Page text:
Sector missing opportunities to improve adult care

The Local Government and Social Care Ombudsman is urging for more to be done to help the adult social care sector capitalise on the valuable learning complaints can bring.

The Annual Review of Adult Social Care Complaints details the trends that the Ombudsman has seen in the complaints it has received about adult social care in England during 2019-20. Over that period, the Ombudsman received 3,073 complaints and enquiries. Of those, only 430 were from people who arranged their care privately with independent providers.

The disproportionately low number of complaints about independent providers means the independent sector is missing out on an untapped seam of valuable learning and potential improvements to their services.

The Ombudsman upheld 69 per cent of those complaints it investigated in detail – higher than the average uphold figure of 62 per cent across all the organisation’s work. That uphold rate rose to 71 per cent for cases specifically about independently provided care.

Michael King, Local Government and Social Care Ombudsman, is now calling for the government to use the planned social care reforms to require providers to tell people, if they are unhappy with the services they are receiving, how to complain not only to the providers themselves, but also how to escalate that complaint to the Ombudsman.

He said: “We’re pleased with how the adult care sector has worked with us to make almost 600 improvements to its services last year, which were agreed in our investigations. This is seven per cent more than the previous year, and they include things such as policy changes and staff training. However, people who fund their own care are still underrepresented in the complaints we see, and the number has plateaued for the past couple of years. Each missed complaint is a lost opportunity to improve care services.

“Mandatory signposting will also be better for businesses. The social care complaints system in England is not a voluntary scheme but the current level of engagement varies considerably. This is placing greater burdens on more conscientious providers while allowing weaker operators to avoid public accountability. This undermines fair competition and consumer choice. Instead, there should be a level playing field, where the rules are applied consistently – in the best interests of users and businesses.”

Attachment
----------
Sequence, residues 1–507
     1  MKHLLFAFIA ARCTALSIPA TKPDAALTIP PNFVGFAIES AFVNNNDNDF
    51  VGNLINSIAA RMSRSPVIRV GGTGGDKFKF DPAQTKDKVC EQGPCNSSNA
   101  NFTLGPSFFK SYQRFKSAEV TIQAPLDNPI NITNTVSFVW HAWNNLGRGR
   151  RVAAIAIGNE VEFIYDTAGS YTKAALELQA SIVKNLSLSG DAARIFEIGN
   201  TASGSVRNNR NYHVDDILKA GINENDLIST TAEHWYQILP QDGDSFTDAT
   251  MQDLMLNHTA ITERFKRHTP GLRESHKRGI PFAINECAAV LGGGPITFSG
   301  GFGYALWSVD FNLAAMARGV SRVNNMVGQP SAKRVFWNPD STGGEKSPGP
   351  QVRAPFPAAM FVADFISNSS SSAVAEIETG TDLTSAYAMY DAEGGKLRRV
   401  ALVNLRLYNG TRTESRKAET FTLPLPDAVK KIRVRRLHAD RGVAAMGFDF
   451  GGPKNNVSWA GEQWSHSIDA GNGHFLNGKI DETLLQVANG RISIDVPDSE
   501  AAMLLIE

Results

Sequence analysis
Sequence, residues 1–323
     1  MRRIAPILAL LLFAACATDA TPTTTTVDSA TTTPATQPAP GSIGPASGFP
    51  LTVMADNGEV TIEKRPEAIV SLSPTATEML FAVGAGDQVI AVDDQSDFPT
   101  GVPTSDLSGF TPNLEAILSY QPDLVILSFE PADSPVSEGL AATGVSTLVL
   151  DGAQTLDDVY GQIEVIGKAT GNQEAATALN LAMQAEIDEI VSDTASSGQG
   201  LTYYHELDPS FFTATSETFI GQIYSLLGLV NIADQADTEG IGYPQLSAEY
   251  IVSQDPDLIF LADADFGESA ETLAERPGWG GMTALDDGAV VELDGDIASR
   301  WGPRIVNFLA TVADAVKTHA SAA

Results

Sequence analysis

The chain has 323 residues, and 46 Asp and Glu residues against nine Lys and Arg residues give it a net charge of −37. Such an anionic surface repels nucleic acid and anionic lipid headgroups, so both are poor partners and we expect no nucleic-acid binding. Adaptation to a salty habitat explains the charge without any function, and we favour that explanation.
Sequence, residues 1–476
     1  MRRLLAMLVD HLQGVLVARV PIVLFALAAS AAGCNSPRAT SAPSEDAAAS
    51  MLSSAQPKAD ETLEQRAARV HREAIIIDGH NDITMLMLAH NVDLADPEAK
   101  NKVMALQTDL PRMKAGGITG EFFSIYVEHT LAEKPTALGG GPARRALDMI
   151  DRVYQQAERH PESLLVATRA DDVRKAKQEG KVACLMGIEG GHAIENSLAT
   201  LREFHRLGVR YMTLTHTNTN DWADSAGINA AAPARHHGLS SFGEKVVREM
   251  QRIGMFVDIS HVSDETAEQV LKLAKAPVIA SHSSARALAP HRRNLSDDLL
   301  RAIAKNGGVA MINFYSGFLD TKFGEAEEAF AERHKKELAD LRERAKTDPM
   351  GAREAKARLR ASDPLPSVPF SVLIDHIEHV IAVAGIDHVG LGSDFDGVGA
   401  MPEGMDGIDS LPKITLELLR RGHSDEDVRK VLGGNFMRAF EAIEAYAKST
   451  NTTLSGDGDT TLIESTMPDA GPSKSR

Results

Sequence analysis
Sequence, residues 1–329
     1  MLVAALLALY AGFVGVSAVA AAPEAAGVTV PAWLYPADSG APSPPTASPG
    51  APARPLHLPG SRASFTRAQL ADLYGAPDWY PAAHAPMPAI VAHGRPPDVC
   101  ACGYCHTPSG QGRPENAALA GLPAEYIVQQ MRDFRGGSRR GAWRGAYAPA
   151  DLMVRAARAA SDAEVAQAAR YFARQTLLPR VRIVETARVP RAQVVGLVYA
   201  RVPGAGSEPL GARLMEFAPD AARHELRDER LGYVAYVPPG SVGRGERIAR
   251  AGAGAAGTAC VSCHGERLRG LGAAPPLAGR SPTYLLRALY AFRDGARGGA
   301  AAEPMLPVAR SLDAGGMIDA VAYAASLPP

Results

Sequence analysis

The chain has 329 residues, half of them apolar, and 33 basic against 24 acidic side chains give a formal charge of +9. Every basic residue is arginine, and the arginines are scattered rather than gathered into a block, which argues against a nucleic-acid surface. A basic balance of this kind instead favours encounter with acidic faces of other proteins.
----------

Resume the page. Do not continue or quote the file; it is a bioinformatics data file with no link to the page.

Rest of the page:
Martin Green, CEO of Care England, added: “We always welcome any new learning that providers can take from these reports and similarly we welcome the annual review which brings everything together. We will be sure to share the report with our members.”

Ian Hudspeth, chairman of the LGA’s Community Wellbeing Board, said: “Councils and the care providers they commission have been working hard, especially during the pandemic, to support those who use and work in adult social care. This is despite continued funding and demand pressures, which existed prior to the coronavirus outbreak. It is good that providers continue to work with the Ombudsman in its investigations, to make improvements to their services.

“Any future reforms of adult social care must apply the lessons learned from coronavirus, as well as address the issues of fairness in how we pay for these vital services. These include people who fund their own care.

“Social care needs parity of esteem with the NHS, backed up by a genuine, long-term and sustainable funding settlement, which councils have been calling for long before the current crisis. Cross-party talks on the future of adult social care must start as soon as possible.”